To all this he replies in this chapter; and the main drift and design of his reply is to show that he acted on the principle suggested in 1 Co 8:13, that of denying himself; and consequently, that though he had a right to maintenance, yet that the fact that he did not urge that right was no proof that he was not sent from God, but was rather a proof of his being actuated by the high and holy principles which ought to influence those who were called to this office. In urging this reply, he shows:

(1.) That he had seen Jesus Christ, and had this qualification for the office of an apostle, 1 Co 9:1.

(2.) That he had the power like others to partake of the common enjoyments of life, and that his not doing it was no proof that he was not an apostle, 1 Co 9:4.

(3.) That he was not prohibited from entering the domestic relations as others had done, but had the right to enjoy the same privileges if he chose; and that his not doing it was no proof that he was not an apostle, but was an instance of his denying himself for the good of others, 1 Co 9:5.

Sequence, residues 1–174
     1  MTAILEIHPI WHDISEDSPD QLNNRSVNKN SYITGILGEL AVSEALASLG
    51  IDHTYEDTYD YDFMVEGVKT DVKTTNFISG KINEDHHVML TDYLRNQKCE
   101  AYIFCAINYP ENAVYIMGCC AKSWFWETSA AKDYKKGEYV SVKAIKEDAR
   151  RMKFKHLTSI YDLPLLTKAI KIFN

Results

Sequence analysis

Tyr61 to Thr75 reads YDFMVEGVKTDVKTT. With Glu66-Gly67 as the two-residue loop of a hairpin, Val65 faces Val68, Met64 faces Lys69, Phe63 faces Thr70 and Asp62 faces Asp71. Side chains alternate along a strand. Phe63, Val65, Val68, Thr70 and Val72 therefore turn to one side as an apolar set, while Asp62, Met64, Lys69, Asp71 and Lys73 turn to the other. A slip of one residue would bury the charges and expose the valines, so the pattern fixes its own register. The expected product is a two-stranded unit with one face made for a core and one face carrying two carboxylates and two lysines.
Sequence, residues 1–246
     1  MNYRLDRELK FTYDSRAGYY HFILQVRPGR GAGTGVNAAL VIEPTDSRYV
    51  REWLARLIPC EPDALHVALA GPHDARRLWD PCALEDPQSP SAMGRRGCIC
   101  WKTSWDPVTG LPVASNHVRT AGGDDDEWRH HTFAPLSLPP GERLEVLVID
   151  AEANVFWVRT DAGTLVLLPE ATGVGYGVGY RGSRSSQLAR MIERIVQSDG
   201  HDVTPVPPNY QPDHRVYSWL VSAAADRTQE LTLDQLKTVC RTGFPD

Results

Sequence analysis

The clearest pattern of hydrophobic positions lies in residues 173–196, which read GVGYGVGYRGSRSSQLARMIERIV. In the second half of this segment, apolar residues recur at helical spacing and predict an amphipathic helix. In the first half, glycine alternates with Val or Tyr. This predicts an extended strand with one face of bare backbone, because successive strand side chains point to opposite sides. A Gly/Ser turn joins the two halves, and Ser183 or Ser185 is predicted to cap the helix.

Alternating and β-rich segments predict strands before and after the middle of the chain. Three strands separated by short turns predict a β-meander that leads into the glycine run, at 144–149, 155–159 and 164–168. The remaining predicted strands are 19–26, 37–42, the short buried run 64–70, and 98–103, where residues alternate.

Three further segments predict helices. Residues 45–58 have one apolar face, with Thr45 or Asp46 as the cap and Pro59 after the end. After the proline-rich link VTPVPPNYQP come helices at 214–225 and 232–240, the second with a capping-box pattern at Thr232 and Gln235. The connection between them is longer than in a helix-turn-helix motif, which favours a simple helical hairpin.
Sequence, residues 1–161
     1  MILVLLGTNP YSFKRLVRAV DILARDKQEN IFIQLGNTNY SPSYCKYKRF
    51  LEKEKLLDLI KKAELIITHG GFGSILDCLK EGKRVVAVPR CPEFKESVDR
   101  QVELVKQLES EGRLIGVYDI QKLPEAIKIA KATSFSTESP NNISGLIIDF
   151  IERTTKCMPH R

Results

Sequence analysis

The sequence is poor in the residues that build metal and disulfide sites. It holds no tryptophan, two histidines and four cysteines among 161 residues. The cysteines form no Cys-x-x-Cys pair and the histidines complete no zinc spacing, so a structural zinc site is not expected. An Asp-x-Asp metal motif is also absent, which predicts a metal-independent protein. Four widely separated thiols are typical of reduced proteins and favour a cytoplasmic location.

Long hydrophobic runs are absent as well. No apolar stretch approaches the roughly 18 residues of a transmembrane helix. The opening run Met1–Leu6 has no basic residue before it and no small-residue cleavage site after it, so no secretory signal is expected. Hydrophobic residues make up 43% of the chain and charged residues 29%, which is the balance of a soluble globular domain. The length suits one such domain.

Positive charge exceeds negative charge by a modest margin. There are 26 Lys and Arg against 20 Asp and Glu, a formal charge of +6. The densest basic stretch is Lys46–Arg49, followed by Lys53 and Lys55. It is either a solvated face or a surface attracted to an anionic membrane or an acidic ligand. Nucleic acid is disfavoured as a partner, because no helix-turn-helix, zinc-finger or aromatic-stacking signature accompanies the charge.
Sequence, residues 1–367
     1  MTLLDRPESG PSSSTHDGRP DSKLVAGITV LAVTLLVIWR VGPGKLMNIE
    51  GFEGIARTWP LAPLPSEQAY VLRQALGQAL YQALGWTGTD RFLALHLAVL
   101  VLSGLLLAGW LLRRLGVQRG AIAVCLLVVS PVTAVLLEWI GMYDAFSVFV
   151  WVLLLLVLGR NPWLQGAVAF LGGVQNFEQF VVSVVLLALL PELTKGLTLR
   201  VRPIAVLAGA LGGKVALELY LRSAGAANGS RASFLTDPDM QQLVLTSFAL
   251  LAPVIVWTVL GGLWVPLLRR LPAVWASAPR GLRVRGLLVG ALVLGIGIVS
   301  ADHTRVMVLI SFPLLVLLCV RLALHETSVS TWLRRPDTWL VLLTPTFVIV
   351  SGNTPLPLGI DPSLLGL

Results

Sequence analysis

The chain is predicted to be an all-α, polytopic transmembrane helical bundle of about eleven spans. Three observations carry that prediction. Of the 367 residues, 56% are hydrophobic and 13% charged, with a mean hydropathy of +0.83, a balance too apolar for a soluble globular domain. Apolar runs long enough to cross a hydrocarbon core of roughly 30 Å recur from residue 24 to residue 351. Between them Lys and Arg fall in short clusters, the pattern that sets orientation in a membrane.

(4.) That he was not under a necessity of labouring with his own hands, but that he might have required support as others did; that his labouring was only another instance of his readiness to deny himself to promote the welfare of others, 1 Co 9:6.

This sentiment he illustrates through the remainder of the chapter, by showing that he had a right to support in the work of the apostle:- ship, and that his not insisting on it was an instance of his being willing to deny himself that he might do good to others; that he did not urge this right, because to do that might injure the cause, (1 Co 9:12,16;) and that whether he received support or not, he was bound to preach the gospel. In this he shows